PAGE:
The pandemic of recent anti-Semitism is alarming, casting Jews worldwide into crisis mode.
Synagogues are scurrying to safeguard their congregants. Jewish day schools and camps are ramping up security to protect their children, teachers and staff. Jewish organizations are raising funds to support the increased need for security assessments and evaluations. And many Jews are wondering – why now and where will this toxic hatred strike next?
The problem is serious enough that 58 Jewish organizations convened in New York City this week to address the ever increasing number of anti-Semitic incidents in the United States, Europe and around the world.
This discussion is long overdue, as is the need to tackle the fundamental question of what we should do about it. The oft-misunderstood world of crisis PR may offer some answers.
From the deadliest anti-Semitic attack in American history at the Tree of Life synagogue in Pittsburgh to an escalation of anti-Semitic harassment online, in schools, on college campuses and beyond, this abhorrent wave of anti-Semitism is startling because it has shaken American Jews out of their prior complacency.
For the most part, over the past half-century the U.S. Jewish community has felt secure here. Arguably, Jews are in a better place today than at any other time in their history. Whether rising to the top as ultra-high-achievers in nearly every field, or wielding political power as elected officials or citizen advocates, you can find Jewish women and men leading the way.
And consider for a moment the young state of Israel. Tiny as it may be in geographic size, it is a dynamic, global technology and innovation powerhouse carrying out life-saving humanitarian work across the world. For the first time ever, Jews defend themselves by themselves in their historic homeland, safeguarded by an elite army and intelligence apparatus.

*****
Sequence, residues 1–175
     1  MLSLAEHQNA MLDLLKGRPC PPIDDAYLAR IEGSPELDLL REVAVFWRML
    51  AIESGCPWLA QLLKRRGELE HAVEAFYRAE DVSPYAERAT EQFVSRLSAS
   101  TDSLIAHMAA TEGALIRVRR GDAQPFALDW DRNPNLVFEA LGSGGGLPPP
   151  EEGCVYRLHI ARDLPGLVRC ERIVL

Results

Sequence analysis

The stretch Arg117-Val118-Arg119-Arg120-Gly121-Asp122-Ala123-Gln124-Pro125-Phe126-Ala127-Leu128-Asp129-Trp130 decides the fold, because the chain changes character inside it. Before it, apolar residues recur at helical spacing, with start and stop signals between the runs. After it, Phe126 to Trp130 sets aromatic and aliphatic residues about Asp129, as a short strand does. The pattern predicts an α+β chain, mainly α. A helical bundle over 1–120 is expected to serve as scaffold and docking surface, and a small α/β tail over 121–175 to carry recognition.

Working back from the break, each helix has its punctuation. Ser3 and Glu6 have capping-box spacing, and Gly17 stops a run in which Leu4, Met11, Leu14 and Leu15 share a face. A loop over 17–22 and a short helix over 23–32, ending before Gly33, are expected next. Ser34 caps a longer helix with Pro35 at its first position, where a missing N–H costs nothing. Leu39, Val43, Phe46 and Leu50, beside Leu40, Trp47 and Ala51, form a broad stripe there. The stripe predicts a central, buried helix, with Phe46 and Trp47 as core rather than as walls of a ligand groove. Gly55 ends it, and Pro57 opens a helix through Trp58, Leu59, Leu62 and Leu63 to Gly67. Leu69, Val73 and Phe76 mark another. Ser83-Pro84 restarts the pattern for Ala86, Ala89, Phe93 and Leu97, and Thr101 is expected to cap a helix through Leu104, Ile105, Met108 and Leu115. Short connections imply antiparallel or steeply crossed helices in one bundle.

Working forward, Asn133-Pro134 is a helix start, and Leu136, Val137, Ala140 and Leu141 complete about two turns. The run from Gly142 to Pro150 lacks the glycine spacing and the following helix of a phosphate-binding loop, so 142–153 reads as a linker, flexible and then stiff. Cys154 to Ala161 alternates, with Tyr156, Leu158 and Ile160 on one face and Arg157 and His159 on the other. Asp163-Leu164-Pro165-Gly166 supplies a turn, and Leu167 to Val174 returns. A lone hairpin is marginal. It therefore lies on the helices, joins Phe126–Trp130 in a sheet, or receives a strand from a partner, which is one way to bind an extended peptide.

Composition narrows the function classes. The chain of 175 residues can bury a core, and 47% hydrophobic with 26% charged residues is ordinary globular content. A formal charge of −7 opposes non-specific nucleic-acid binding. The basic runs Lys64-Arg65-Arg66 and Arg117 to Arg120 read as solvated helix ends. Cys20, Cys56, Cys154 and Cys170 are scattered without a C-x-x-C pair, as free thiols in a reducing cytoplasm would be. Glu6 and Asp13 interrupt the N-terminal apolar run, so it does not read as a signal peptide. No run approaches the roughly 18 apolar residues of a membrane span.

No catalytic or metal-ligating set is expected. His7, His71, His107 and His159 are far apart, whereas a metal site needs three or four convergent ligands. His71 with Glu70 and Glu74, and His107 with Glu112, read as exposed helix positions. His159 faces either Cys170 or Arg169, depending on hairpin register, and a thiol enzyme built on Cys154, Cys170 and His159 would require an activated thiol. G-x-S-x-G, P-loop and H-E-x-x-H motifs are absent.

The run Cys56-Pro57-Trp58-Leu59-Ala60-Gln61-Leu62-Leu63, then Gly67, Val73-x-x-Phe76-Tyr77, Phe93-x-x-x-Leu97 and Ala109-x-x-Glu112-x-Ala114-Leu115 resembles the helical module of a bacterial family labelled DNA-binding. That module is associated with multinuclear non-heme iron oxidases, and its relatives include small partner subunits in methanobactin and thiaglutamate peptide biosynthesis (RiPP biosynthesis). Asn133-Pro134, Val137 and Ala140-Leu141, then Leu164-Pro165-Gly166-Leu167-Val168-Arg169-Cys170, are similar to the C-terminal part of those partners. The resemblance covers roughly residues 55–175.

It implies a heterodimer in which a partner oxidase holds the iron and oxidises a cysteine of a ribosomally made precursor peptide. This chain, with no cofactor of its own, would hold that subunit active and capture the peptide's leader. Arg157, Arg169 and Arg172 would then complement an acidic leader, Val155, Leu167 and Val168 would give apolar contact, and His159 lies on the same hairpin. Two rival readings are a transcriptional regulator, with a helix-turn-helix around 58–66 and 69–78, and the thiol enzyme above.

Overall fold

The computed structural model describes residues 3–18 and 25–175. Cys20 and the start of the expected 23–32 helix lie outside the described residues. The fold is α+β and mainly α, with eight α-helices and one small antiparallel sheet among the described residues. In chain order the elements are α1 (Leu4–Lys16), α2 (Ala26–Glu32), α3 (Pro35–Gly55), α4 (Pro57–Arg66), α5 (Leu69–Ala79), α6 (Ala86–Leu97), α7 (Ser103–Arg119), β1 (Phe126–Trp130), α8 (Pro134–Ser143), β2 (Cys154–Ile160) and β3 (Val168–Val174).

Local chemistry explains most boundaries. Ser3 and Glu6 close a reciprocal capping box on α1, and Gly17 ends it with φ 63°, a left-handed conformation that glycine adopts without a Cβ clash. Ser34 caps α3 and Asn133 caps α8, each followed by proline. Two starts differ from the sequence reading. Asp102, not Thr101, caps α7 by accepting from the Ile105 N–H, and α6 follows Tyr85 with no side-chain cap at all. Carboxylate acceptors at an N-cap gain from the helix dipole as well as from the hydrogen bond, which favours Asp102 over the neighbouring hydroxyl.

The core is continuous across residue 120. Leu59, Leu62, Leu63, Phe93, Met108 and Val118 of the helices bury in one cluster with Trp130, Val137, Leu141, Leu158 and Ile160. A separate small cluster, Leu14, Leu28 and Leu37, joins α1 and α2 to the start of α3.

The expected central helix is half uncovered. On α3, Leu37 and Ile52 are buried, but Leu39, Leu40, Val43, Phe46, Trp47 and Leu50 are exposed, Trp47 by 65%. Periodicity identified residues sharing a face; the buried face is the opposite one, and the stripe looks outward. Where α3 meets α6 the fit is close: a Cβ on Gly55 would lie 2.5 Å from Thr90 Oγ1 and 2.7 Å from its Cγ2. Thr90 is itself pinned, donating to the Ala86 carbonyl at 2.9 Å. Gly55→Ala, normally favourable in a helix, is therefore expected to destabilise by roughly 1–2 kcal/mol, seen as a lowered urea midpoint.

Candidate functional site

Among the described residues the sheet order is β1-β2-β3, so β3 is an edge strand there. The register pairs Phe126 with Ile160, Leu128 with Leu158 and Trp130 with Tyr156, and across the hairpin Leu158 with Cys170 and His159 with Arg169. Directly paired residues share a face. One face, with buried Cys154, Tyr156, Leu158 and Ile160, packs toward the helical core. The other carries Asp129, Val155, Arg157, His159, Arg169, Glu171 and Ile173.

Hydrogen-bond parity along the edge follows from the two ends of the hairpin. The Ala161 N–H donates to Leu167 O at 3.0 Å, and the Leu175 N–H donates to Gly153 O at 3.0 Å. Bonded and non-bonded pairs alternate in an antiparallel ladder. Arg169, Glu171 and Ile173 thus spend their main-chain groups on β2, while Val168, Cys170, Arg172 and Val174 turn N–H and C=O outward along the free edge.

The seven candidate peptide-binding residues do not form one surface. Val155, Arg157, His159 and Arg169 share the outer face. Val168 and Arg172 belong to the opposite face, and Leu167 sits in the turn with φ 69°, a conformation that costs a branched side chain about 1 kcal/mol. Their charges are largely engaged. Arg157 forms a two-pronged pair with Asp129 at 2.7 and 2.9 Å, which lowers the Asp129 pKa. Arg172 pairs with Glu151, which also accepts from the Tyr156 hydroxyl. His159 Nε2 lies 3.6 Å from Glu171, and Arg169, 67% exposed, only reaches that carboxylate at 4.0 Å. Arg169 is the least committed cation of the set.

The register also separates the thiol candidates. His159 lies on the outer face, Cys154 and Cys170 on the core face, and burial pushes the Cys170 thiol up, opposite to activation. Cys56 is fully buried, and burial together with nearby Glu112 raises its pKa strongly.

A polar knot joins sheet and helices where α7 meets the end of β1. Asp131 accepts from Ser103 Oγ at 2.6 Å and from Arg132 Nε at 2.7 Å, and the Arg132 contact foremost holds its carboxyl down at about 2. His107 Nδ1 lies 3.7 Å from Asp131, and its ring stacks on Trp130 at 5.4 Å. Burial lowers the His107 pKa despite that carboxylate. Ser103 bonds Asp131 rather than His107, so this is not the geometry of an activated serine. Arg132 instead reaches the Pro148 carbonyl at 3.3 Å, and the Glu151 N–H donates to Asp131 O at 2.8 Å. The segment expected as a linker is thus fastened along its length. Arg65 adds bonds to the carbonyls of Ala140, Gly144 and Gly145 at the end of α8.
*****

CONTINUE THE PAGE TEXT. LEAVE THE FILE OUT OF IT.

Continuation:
Despite these undeniable successes, anti-Semitism is back, and has once again turned deadly. A key question is: what can be done to prevent the future escalation of anti-Semitism?
Since the community is presently in crisis mode, we must behave accordingly to reverse this unacceptable uptick in anti-Jewish violence and sentiment. A good place to start is learning the best practices of crisis PR and its strategic approach to information-sharing.
After all, anti-Semitism ultimately stems from dissemination of misinformation and ignorant stereotypes. For thousands of years, anti-Semitic canards and myths have dehumanized Jews and turned them into scapegoats for the world’s many maladies. This peaked during the Holocaust thanks to the Nazi propaganda machine. But in that case, too, words were the foundation upon which the tanks of war ultimately rumbled.
That’s why today, during this modern-day crisis of anti-Semitism that thrives online and reaches exponential audiences en masse, we must use modern communication tools to fight back.
Crisis PR tactics are used each day to either silence stories or breathe life into them. The role of a crisis PR expert is to manage the messaging surrounding complex situations, and to steer their direction toward optimal outcomes.
One of the most vital pieces of counsel that crisis PR experts offer clients is to convert crises into opportunities. This is good advice when it comes to confronting and beating back the current explosion of anti-Semitism.
In our media-saturated society, at any given non-crisis time it is nearly impossible to break through; messages are drowned out amid a cacophony of competing voices.
But during a crisis, the spotlight shines especially brightly upon one individual, organization or group. In this case, it is the Jewish community. This is a rare opportunity to be seized, and it requires smart, decisive action. During our time of crisis news outlets and the public at large are paying attention to our community. They are focused on us and interested in what we have to say.
We can use the current climate to break through the noise, deliver strong messages against anti-Semitism and educate our neighbors. We must take advantage of this opportunity to mobilize and to debunk hateful and ridiculous accusations. Whether Jews are accused outright of having dual loyalty, or whether it is implied cynically, we should forcefully show that we are patriotic and dedicated Americans.
We must condemn with vigor those groups and movements, such as BDS, that espouse anti-Semitic hatred while pretending it is simply legitimate criticism of Israeli policies.
In order to combat anti-Semitism using proven crisis management tactics, it is not enough to simply tell the truth. Instead, we must sell the truth, which means aggressively advocating for ourselves and fighting to ensure that truth overcomes lies.
Our community must seize the moment and stand up for ourselves. After all—if we are not for ourselves, then who will be?